In the longer term, the feasibility of national megaprojects should be reexamined, especially in light of conflicting official statements about their cost, economic impact, funding sources, and implementation.

No one hates the idea of a new capital for Egypt or the prospect of millions of new feddans of agricultural land. But priorities must be reassessed in light of resource scarcity, urgent requirements in social spending, and the need to upgrade existing infrastructure.

There must be a social dialogue around these projects to determine what can be implemented now and what should be postponed or even shelved.

Social justice must also return to center stage. Although much neglected recently, for the past four years it has been a repeated, clear demand of the Egyptian people.

Having been a preoccupation of the entire state, it now falls solely to the Ministry of Social Solidarity and the Ministry of Supply, which pursue social justice with the tools available to them—namely pensions and social insurance combined with supply cards and food subsidies.

This is not enough to meet expectations. There must be a shift to a comprehensive understanding of social protection that gives citizens opportunities for job training, adequate education, healthcare, and the chance to compete and advance; social welfare measures come after that to protect the most vulnerable, those who cannot work and compete.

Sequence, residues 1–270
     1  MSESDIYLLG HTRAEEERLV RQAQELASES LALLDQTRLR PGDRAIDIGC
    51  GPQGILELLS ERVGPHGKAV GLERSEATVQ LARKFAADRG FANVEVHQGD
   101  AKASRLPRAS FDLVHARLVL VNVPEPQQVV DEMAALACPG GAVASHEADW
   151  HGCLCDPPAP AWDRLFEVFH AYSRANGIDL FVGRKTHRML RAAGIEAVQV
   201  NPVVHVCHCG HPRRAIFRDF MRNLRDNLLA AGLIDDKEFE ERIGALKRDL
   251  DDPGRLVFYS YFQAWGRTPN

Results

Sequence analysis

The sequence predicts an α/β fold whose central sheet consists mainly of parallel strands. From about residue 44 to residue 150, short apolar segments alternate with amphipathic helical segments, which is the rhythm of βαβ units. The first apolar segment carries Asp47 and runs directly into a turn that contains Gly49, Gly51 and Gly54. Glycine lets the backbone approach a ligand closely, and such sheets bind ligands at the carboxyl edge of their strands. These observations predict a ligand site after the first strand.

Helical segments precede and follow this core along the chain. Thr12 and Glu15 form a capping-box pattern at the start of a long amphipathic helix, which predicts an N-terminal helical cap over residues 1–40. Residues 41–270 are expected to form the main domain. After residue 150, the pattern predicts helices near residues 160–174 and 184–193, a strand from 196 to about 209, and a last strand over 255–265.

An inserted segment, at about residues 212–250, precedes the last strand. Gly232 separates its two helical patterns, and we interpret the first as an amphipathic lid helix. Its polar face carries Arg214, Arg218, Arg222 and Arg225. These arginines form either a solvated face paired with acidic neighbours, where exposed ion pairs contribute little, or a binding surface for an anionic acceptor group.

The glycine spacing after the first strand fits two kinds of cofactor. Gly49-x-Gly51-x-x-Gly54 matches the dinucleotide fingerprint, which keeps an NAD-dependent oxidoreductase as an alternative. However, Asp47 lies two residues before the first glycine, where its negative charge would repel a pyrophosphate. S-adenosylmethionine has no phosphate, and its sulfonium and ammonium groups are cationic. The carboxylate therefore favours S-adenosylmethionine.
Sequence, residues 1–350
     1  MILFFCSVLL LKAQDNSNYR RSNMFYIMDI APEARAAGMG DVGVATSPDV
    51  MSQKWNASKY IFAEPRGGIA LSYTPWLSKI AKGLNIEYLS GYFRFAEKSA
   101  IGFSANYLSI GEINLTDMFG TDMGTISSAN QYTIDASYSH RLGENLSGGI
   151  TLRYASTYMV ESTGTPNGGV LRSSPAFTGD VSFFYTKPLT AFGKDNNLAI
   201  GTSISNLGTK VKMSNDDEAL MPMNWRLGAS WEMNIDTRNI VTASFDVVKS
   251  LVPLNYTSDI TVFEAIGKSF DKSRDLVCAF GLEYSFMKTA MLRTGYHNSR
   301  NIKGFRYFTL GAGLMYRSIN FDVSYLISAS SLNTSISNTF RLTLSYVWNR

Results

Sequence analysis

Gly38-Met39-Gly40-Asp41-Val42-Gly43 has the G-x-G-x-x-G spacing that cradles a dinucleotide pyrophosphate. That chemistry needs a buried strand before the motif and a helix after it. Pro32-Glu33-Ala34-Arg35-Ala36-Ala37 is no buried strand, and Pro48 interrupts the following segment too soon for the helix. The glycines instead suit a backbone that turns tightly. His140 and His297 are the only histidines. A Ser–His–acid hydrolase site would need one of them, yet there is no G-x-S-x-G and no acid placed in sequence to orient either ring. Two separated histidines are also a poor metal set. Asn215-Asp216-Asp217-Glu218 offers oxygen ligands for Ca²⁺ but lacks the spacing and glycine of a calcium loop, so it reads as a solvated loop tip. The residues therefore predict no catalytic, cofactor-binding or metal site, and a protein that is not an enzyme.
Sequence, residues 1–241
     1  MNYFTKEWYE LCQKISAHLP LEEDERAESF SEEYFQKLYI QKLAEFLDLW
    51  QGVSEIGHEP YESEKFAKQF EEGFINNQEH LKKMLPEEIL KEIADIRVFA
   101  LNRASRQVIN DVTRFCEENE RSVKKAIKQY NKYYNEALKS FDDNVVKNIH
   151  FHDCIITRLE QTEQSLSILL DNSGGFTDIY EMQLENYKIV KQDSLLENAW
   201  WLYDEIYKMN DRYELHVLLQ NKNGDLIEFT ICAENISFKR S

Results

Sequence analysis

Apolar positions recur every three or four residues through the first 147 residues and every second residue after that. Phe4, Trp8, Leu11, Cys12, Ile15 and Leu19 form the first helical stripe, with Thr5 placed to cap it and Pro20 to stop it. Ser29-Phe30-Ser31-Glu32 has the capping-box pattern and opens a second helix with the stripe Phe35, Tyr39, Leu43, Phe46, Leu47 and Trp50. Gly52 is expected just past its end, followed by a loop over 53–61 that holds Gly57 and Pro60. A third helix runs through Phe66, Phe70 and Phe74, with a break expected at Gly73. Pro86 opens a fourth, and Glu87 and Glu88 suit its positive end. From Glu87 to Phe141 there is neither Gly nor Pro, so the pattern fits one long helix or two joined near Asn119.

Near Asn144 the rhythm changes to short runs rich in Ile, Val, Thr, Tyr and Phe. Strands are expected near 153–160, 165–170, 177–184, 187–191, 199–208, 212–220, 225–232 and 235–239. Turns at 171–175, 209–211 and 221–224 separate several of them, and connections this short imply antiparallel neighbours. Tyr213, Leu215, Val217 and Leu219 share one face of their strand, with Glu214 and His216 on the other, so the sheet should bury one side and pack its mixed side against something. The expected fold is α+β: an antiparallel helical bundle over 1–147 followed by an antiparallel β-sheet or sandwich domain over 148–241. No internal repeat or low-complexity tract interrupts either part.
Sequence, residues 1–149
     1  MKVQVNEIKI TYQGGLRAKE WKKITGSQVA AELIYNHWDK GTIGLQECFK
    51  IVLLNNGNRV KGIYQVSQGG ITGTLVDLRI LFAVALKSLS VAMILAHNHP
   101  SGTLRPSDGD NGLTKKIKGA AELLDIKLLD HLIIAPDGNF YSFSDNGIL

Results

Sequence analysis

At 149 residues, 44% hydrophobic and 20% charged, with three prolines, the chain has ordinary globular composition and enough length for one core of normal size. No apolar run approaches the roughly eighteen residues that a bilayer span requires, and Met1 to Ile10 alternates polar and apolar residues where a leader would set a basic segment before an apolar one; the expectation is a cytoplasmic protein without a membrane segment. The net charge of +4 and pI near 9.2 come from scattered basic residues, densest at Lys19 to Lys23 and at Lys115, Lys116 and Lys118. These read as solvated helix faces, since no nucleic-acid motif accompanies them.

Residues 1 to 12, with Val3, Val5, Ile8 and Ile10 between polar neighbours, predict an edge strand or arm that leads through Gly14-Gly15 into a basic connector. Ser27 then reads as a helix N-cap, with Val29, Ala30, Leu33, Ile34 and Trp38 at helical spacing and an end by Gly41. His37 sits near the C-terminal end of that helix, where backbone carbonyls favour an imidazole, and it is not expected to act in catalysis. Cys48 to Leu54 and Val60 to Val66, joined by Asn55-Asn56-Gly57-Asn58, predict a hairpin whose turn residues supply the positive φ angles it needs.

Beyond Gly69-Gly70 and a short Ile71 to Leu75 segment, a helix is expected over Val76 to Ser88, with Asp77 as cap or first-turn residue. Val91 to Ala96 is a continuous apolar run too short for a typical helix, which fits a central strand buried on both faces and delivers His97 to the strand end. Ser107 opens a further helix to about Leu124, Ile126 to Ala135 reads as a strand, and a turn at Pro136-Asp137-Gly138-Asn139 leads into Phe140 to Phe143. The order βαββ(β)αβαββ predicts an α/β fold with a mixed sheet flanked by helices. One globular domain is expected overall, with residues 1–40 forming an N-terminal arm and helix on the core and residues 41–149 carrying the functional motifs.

Past governments have made great efforts in this field, but completing the course laid years ago requires a political decision.

Finally, in both the short and long terms, decision-making circles, whether in the presidential palace or the Cabinet, must be expanded to allow more dialogue.

I don’t mean only the inclusion of Egyptian experts here and abroad who can make valuable contributions. More importantly, dialogue must be institutionalized.

Economic policy cannot be drafted solely by a group of people close to the president, regardless of their competence. It must be hammered out in a dialogue between the state and industry federations, chambers of commerce, investors’ associations, professional federations, labor unions, parties, and civil society.

All of these entities represent social forces and interests that must be heeded and included in decision-making.
Otherwise, they’re just spectators, reduced to awaiting the next surprise from the state. Sound economic policy requires their involvement and support and balancing the interests they represent.

The writer holds a PhD in financial law from the London School of Economics. He is former deputy prime minister, former chairman of the Egyptian Financial Supervisory Authority and former chairman of the General Authority for Investment.

This article was published in Arabic in El-Shorouq newspaper on Tuesday, 20 October.